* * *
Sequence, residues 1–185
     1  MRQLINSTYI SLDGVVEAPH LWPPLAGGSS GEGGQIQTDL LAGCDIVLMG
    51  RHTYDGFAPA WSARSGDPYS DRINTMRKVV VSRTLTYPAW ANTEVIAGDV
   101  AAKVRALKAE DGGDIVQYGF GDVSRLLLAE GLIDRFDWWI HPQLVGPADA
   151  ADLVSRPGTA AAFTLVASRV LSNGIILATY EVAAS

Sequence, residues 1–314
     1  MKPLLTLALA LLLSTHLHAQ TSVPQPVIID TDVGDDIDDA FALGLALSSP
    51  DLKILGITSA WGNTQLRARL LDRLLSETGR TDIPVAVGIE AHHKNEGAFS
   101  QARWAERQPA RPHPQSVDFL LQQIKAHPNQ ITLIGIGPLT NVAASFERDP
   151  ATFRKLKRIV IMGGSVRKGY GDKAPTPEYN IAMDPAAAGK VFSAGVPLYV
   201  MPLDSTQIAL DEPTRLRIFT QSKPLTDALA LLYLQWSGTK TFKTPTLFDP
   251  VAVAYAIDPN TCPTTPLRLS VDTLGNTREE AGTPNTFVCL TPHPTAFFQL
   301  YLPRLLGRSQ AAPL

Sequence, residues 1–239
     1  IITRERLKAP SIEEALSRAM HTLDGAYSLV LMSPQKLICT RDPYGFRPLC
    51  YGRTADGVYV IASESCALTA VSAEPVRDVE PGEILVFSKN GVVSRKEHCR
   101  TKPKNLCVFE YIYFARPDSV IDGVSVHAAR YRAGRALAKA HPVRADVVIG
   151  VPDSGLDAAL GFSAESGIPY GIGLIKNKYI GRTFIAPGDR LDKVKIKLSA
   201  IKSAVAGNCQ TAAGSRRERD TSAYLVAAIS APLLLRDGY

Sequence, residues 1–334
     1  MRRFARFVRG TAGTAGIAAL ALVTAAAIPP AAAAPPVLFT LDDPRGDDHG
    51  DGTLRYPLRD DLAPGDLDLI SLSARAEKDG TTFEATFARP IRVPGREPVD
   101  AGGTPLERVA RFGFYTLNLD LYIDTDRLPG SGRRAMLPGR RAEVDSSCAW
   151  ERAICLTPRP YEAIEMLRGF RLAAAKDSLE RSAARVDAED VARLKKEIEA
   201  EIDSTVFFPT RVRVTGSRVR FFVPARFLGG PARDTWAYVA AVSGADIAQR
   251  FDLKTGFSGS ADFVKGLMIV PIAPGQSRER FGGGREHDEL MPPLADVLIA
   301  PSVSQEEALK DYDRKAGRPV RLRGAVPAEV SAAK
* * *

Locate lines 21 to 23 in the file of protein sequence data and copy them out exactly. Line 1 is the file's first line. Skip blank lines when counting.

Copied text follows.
     1  MRRFARFVRG TAGTAGIAAL ALVTAAAIPP AAAAPPVLFT LDDPRGDDHG
    51  DGTLRYPLRD DLAPGDLDLI SLSARAEKDG TTFEATFARP IRVPGREPVD
   101  AGGTPLERVA RFGFYTLNLD LYIDTDRLPG SGRRAMLPGR RAEVDSSCAW